The Ultimate Narrative Of Multi-Dip Staking

Exploring the Coalescing of Narratives in Liquid Staking Derivatives, the Shanghai Upgrade, Eigenlayer, and Beyond

by 0xFishylosopher

Key Takeaways

  • “Multi-dip staking” refers to earning multiple yields on a single staked principal (such as ETH)
  • Liquid Staking Derivatives (LSDs) are the oldest and most mature form of multi-dip staking, using IOUs to allow for “double-dipping” in DeFi of staked assets and increase capital efficiency. LSD market is primarily for ETH because of historical reasons
  • ETH LSD Market is likely a long-run oligopoly, since there is a centralizing force of liquidity (provider trust), and a decentralizing force of security (BFT concerns). Lido, with 32% of all staked ETH, is already at the upper limit of allowed centralization.
  • Post-Shanghai Upgrade, in the short run smaller LSD providers may face liquidity issues (as there is an exodus of rewards), but in the long run a full PoS Ethereum may 3–4x the LSD market and heavily benefit small to mid-sized players such as Rocket Pool and Frax. A new generation of players will also likely enter, and the endgame would likely be several players with 10–20% market share each
  • Eigenlayer has greatly catalyzed the “multi-dip staking” model, and creates a lend-a-validator model for middleware projects (sequencers, bridges, oracles etc.) that benefits all parties, i.e. middleware projects, DApps (increased security), validators, mom-and-pop stakers (more choice and more yield).
  • Eigenlayer’s Practical Risks include regarding validator “interference” (simultaneously staking on multiple projects), fractured liquidity pools for LSDs, and the risk of re-centralizing the Ethereum ecosystem.
  • Post-Eigenlayer, “multi-dip staking” will have entered the mainstream, and this unlocking of capital is ultimately beneficial to all parties within the Ethereum ecosystem. Similar ideas will likely also expand into other “base” blockchains, especially Cosmos (IBS proposal), catalyzing a narrative of modular blockchains.


Since the Ethereum Merge in September 2022, Proof-of-Stake (PoS) has established itself as the mainstream consensus mechanism for all major L1 chains apart from Bitcoin. As repeatedly touted, PoS has several advantages over Bitcoin’s Proof-of-Work (PoW), such as being more environmentally friendly, having lower hardware barriers to entry, and the use of efficient economic incentives rather than brute-force computational superiority to guarantee transaction safety [1].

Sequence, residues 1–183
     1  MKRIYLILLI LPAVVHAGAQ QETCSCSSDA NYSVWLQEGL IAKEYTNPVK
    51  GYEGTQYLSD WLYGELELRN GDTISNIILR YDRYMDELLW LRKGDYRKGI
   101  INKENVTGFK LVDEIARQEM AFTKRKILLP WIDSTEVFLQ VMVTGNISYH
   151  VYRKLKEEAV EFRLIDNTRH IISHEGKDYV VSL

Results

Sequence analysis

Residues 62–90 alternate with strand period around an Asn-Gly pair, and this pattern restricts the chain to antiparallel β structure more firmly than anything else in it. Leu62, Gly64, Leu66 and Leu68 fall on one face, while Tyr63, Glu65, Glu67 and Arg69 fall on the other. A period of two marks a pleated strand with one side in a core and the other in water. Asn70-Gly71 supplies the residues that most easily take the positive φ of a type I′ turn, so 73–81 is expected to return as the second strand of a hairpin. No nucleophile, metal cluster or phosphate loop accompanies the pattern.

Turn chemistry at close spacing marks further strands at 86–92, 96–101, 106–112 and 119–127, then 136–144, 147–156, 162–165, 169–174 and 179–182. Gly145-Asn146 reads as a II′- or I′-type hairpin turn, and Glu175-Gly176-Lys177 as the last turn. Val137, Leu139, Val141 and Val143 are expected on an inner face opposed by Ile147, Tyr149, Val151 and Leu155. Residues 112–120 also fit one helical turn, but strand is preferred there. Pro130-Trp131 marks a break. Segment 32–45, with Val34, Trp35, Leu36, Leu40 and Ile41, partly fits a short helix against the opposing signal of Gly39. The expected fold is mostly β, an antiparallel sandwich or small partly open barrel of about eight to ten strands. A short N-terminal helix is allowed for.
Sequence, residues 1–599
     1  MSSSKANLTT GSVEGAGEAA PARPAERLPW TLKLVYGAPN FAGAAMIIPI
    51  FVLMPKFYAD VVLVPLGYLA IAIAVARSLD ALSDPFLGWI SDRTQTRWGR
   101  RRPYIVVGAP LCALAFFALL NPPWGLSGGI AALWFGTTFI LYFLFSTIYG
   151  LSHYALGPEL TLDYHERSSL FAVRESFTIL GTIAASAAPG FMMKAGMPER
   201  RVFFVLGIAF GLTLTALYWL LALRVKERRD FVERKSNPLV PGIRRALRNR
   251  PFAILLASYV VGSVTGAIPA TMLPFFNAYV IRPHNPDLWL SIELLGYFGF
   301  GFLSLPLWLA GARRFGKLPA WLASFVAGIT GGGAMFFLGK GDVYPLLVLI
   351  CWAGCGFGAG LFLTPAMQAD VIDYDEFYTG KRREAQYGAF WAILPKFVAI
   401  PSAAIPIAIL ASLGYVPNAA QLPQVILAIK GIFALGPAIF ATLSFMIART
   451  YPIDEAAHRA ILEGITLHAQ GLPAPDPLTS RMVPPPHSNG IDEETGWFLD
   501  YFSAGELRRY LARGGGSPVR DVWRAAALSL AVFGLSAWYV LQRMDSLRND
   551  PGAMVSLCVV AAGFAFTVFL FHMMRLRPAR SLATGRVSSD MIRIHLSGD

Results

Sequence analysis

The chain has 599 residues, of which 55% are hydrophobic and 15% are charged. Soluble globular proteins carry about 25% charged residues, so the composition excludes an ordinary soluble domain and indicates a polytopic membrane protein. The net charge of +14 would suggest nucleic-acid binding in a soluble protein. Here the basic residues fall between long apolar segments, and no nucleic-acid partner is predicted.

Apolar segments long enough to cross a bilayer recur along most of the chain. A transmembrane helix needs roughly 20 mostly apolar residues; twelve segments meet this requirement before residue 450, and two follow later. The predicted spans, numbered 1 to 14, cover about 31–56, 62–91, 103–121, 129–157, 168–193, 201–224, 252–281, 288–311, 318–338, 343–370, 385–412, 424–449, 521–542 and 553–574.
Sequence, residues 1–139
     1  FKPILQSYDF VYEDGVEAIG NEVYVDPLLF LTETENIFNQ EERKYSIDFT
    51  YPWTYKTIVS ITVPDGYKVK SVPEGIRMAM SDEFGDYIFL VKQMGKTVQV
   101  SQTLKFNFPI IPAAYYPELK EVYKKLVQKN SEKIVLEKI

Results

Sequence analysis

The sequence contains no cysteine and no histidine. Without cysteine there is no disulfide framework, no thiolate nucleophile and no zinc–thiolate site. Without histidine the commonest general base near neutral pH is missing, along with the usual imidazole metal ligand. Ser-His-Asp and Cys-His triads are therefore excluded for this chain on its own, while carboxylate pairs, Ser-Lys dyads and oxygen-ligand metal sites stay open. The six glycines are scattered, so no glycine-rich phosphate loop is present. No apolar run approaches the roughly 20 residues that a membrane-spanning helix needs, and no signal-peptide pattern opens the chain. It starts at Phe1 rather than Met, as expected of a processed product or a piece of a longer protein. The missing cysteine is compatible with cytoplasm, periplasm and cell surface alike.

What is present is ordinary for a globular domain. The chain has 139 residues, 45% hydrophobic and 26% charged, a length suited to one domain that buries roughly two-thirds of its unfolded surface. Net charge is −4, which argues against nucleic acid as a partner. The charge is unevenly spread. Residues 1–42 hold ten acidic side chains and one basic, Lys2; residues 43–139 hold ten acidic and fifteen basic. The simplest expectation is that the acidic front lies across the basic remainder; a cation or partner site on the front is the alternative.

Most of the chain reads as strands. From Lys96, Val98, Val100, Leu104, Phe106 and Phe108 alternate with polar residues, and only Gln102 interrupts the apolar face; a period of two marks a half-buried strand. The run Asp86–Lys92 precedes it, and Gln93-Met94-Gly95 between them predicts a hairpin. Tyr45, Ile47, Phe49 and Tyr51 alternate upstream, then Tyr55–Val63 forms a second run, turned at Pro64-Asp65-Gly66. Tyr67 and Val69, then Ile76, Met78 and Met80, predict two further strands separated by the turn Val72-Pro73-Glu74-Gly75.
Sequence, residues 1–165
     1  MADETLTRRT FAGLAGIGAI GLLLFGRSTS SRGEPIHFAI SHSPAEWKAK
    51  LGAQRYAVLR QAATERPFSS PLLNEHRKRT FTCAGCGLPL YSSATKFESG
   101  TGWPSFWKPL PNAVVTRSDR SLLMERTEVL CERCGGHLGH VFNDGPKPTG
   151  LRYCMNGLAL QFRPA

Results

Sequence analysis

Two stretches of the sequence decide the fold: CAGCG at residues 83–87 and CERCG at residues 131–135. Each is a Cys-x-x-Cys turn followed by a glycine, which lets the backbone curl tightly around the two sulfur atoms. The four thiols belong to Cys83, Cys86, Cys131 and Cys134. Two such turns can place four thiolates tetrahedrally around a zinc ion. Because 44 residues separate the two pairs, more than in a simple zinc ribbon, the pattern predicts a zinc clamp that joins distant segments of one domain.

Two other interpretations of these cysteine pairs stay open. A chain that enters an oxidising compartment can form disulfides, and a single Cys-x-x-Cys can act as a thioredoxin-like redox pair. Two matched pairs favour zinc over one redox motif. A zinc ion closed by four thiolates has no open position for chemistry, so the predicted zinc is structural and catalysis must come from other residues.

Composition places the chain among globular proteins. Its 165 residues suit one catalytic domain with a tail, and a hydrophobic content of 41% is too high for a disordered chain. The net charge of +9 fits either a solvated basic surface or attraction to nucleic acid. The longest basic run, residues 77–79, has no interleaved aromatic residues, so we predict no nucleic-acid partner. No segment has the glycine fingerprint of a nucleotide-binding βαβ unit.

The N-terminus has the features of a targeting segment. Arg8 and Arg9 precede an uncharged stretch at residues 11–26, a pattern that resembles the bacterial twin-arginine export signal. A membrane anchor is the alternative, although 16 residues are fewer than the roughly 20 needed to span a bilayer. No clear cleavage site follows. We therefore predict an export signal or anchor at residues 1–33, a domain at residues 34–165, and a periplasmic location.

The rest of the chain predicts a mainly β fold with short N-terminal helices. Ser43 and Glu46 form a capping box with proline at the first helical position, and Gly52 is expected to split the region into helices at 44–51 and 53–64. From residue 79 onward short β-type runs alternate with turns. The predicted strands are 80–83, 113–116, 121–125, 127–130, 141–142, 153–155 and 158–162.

One thing that is often overlooked is that the act of “staking” itself is an action that has greatly transformed DeFi, with the yield incentive within staking becoming a springboard for innovation in DeFi mechanisms. Within this article, I will explore the emergence of what I call “multi-dip staking,” where a user is able to earn multiple yields on a single staked deposit. Specifically, I believe that this is a metanarrative that combines the narratives of the liquid staking derivatives (LSDs), the Shanghai upgrade, and the impact of Eigenlayer on the future of staking, and will have ramifications both in the Ethereum ecosystem and beyond.

Liquid Staking Derivatives

Liquid staking is one of the earliest and most important forms of staking-based DeFi innovations, and in many ways is a byproduct of Ethereum history. In late 2020, as part of Ethereum’s long-term transition from its initial Proof-of-Work consensus mechanism to its Proof-of-Stake consensus mechanism, the “Beacon Chain” went live, initially as an independent blockchain running PoS and segregated from mainnet transactions to ensure protocol safety [2]. Validators could deposit a minimum of 32 ETH to secure the Beacon Chain, and were promised validator rewards to do so. However, validators are unable to withdraw their staked deposits and rewards in native ETH until the transition to Proof-of-Stake transition is complete after the Shanghai upgrade (which we will discuss later) [3]. So all this capital was just sitting there, stuck like a lame duck. Surely someone needed to do something about it.